15. Stars … dissolved like bubbles —Katherine Mansfield

    The simile in full context: “In the sky some tiny stars floated for a moment and then they were gone —they were dissolved like bubbles.”


  16. Stars gleamed and winked like searching fireflies —Robert Traver
  17. Stars … huge, like daisies —May Sarton
  18. Stars large as asters —Mary Stewart
  19. Stars … like countless diamond lamps —Hans Christian Andersen
  20. (At night) stars rise like the bubbles of the drowned —Yehuda Amichai
  21. The stars seemed to look down like a thousand winking eyes —William Humphrey
  22. The stars which at midnight looked like a spillway of broken pearls, did not shine at this hour; they were holes of light, like eye squints in black masks —Paul Theroux
  23. Twinkle, twinkle, little star how I wonder what you are, up above the world so high, like a diamond in the sky —Anne Taylor
References in classic literature ?
THERE grew a fragrant rose-tree where the brook flows, With two little tender buds, and one full rose; When the sun went down to his bed in the west, The little buds leaned on the rose-mother's breast, While the bright eyed stars their long watch kept, And the flowers of the valley in their green cradles slept; Then silently in odors they communed with each otber, The two little buds on the bosom of their mother.
whose stars are these: -- `Lovely Teygata, and dark-faced Electra, and Alcyone, and bright Asterope, and Celaeno, and Maia, and Merope, whom glorious Atlas begot.
A photographic plate exposed on a clear night reproduces the appearance of the portion of the sky concerned, with more or fewer stars according to the power of the telescope that is being used.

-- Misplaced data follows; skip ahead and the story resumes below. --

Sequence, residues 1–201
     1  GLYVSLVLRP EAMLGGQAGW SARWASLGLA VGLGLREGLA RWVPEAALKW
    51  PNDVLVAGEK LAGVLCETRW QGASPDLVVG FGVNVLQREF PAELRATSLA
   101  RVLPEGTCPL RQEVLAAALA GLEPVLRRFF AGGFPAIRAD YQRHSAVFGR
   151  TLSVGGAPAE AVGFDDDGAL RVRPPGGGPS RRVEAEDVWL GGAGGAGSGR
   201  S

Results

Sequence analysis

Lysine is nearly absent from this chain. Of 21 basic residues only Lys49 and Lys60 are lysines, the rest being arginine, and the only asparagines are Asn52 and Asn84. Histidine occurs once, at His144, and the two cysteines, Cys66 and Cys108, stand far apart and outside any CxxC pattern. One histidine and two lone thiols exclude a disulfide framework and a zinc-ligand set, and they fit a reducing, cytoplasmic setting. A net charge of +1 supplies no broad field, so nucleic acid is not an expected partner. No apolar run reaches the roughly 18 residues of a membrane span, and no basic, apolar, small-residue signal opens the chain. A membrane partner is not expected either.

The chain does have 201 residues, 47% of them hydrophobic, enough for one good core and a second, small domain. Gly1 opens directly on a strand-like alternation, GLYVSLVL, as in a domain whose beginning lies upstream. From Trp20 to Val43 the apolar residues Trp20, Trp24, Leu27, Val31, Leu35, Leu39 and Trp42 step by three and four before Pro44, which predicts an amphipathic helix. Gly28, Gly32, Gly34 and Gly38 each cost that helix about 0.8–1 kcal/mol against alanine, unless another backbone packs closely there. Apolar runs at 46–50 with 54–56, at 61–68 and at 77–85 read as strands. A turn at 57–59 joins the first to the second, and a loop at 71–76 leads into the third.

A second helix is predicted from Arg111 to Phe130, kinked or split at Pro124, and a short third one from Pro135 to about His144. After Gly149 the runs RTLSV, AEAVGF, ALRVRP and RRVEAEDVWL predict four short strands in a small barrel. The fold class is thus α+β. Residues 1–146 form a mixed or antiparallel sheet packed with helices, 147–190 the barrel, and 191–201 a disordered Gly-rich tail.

Levin listened to the monotonous drip from the lime trees in the garden, and looked at the triangle of stars he knew so well, and the Milky Way with its branches that ran through its midst.
By attentively watching, the observer would then have perceived the other molecules of the mass, following the example of this central star, become likewise condensed by gradually accelerated rotation, and gravitating round it in the shape of innumerable stars.
It was a moonless night, but the light of the stars was sufficient to show the outline of the young woman's form, and the shape of her face gazing gravely, indeed almost sternly, into the sky.
She has seen that the tears are not dry on These cheeks, where the worm never dies, And has come past the stars of the Lion, To point us the path to the skies -- To the Lethean peace of the skies -- Come up, in despite of the Lion, To shine on us with her bright eyes -- Come up, through the lair of the Lion, With love in her luminous eyes.
It is a noble art, for nothing can be hidden from you, when once you understand the stars.
I think Miss Leeson has just as much right to name stars as any of those old astrologers had.
The God veileth his beauty: thus hidest thou thy stars.
Under that dense tangle of branches one would be out of sight of the stars.
Hosts of stars are visible to-night, though their brilliancy is eclipsed by the splendour of the moon.